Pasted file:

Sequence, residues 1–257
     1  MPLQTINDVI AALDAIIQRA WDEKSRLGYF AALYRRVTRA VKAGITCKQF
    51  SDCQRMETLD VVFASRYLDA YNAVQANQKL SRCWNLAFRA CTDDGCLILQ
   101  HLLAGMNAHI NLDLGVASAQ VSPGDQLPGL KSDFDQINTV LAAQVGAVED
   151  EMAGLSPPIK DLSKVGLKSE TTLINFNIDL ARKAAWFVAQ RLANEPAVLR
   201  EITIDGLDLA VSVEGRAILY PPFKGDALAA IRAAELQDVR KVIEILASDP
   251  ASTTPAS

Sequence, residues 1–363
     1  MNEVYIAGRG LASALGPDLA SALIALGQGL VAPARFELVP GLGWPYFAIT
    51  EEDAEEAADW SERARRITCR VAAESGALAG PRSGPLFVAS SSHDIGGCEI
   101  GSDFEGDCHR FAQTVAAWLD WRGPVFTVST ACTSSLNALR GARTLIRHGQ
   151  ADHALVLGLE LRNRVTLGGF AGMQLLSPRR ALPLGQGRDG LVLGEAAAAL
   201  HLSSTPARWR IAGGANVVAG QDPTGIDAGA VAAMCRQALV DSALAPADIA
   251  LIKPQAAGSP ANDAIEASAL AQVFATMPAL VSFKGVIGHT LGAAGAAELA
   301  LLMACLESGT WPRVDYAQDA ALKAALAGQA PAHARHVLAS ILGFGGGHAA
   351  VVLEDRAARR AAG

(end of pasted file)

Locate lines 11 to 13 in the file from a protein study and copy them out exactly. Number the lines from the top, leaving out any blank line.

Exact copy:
   101  GSDFEGDCHR FAQTVAAWLD WRGPVFTVST ACTSSLNALR GARTLIRHGQ
   151  ADHALVLGLE LRNRVTLGGF AGMQLLSPRR ALPLGQGRDG LVLGEAAAAL
   201  HLSSTPARWR IAGGANVVAG QDPTGIDAGA VAAMCRQALV DSALAPADIA